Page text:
The reduction in bank rates that came into effect
yesterday was a welcome measure. It provides relief across the
board to almost all sectors. This ought to have a salutary
effect in reviving the economic activity. At a time when Sri
Lanka is feeling the impact of the global financial crisis
resulting in a slowdown of economic growth and activity the
relief measures outlined are like welcome rain after a long
period of drought.
Small and medium entrepreneurs in industry, agriculture and
commerce as well as those engaged in tourism would directly
benefit from the reduction in bank rates. Construction industry
also would be a beneficiary.
Of special significance is the suspension of penal interest
on defaulting loans. It would provide an impetus to activate
payment and make these loans operable. The reactivation of the
low interest housing loan scheme for public servants would
benefit a large number of them.
Once the state banks reduce the rates, the non-state banks
would follow soon, lest they become non-competitive.
Skeptics may dismiss this decision of the government as an
election gimmick. In actual fact, it is far from the truth. The
truth is there is sufficient growth in the economy to warrant
such redress as an impetus to revive economic activity or put it
in fast gear.
As leading economists have pointed out the crash of several
financial institutions such as those belonging to the Ceylinco
Group have made depositors to withdraw their moneys and place
them in state banks.
State banks have received considerable deposits so that they
could afford to lower the rates.
Those who have savings deposits need not have any anxiety
over the reduction of interests as inflation has gone down. The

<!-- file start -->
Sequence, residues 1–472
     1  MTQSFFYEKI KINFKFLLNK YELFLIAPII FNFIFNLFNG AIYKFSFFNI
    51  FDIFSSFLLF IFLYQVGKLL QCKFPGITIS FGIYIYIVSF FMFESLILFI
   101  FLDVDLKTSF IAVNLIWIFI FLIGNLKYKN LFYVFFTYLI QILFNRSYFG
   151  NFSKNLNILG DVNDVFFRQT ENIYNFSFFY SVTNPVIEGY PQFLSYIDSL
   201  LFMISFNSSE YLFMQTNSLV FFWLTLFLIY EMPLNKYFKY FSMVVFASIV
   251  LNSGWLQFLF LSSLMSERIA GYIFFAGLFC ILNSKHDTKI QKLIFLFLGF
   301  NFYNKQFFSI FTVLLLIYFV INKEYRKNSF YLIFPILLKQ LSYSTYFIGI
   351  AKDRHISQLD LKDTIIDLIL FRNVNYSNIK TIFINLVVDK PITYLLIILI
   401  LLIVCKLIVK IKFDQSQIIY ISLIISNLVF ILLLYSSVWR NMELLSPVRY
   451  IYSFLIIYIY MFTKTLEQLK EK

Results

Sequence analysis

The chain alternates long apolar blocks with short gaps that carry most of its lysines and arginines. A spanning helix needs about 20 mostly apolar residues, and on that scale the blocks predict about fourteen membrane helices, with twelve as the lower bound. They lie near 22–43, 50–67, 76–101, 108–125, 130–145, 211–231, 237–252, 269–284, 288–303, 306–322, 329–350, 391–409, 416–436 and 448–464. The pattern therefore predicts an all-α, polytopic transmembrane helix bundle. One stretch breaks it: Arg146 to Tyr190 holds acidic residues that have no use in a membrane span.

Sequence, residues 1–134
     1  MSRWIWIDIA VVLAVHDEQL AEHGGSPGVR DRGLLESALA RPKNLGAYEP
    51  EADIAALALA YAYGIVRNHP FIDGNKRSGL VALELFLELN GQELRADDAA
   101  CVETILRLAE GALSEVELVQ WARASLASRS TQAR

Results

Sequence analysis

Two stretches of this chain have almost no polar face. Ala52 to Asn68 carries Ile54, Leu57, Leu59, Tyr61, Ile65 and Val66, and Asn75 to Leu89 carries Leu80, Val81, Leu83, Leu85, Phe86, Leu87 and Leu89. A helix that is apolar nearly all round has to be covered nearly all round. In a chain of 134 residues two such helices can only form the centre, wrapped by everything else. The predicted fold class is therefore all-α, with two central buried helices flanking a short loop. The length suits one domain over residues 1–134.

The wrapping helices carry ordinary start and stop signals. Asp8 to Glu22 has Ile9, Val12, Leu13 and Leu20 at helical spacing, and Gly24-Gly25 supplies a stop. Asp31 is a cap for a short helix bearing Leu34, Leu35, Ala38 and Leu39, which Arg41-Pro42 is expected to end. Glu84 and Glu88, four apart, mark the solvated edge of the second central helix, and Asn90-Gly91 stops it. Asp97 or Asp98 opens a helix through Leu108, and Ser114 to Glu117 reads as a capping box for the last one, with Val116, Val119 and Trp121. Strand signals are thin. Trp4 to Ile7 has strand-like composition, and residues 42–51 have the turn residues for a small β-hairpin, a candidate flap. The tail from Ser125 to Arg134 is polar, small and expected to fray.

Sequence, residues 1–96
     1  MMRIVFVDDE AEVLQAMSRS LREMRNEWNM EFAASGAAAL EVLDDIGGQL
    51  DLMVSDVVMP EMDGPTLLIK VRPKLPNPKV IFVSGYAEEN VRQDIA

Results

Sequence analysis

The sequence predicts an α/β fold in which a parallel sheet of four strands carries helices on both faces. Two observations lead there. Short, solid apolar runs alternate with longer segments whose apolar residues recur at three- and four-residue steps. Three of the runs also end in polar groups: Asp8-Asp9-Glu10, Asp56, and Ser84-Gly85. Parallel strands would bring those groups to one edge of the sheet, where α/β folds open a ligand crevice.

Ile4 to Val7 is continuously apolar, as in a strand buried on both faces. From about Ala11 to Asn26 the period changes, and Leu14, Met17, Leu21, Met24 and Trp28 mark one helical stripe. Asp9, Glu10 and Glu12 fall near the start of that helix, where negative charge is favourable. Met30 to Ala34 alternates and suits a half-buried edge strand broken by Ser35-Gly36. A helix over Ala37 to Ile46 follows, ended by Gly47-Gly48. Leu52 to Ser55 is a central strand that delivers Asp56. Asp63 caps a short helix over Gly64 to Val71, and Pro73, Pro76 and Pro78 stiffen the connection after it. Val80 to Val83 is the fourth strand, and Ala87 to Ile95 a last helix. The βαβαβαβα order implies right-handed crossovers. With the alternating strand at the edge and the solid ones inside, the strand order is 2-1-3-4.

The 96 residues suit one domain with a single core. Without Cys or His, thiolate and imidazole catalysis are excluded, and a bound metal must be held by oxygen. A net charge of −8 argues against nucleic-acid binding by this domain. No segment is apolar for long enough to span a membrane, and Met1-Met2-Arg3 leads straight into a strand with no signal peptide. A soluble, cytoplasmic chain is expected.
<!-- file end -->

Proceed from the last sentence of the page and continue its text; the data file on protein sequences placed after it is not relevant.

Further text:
interest they would get would be almost the same or more in real
The decision of the President to lower interest rates has
received wide acclaim from both professionals and corporate
bodies. For example, the National Chamber of Exporters has
hailed it as a long overdue measure, something they were
agitating for. Low interest rates would compel them to start new
projects with assurance. It would in turn generate new
Equally important is the decision to apply the reduced rates
to loans that are already in operation and suspend penal
interest. At a time of crisis it would be a great relief
especially to public sector employees who have to repay housing
loans as well as small and medium entrepreneurs.
We could foresee more investment and consequently more
production. More production would decrease prices and raise the
standard of living, especially of the middle classes.
There is also a corollary to all this. That is we have to
work hard to get the best benefit out of the redress given.
Development comes at a price, at the cost of sweat and
What is noteworthy is that Sri Lanka, a Third World country,
relatively poor has now a better track record of economic and
financial management than most of the First World countries that
are supposedly blessed with managers produced at elite business
schools such as Harvard and MIT.
A modern fable
Legend has it that once upon a time seven thick pals,
from Andhra Pradesh or so, decided to night out at a wayside
rest. Seeing no restaurant or eating house nearby they placed a
pot of water on an improvised stove and agreed to put a fistful
of rice each to prepare a rice soup for dinner.
Known misers they were, each one thought that he need not
contribute as others' contribution would suffice for all.
They only pretended to put a fistful of rice but actually
their fists were empty. When they doused the fire after giving
sufficient time for the soup to boil, they found that no one has
contributed and they were left with plain hot water.
Now at the present moment, re-living the legend, another set
of pals have got together looking for a soul to present as their
common avatar at a Right Royal contest yet to be announced. Will
they, meet the same fate as the seven Andhra pals of yore is the
thousand dollar question in the halls of fame in an island known
for its serendipity.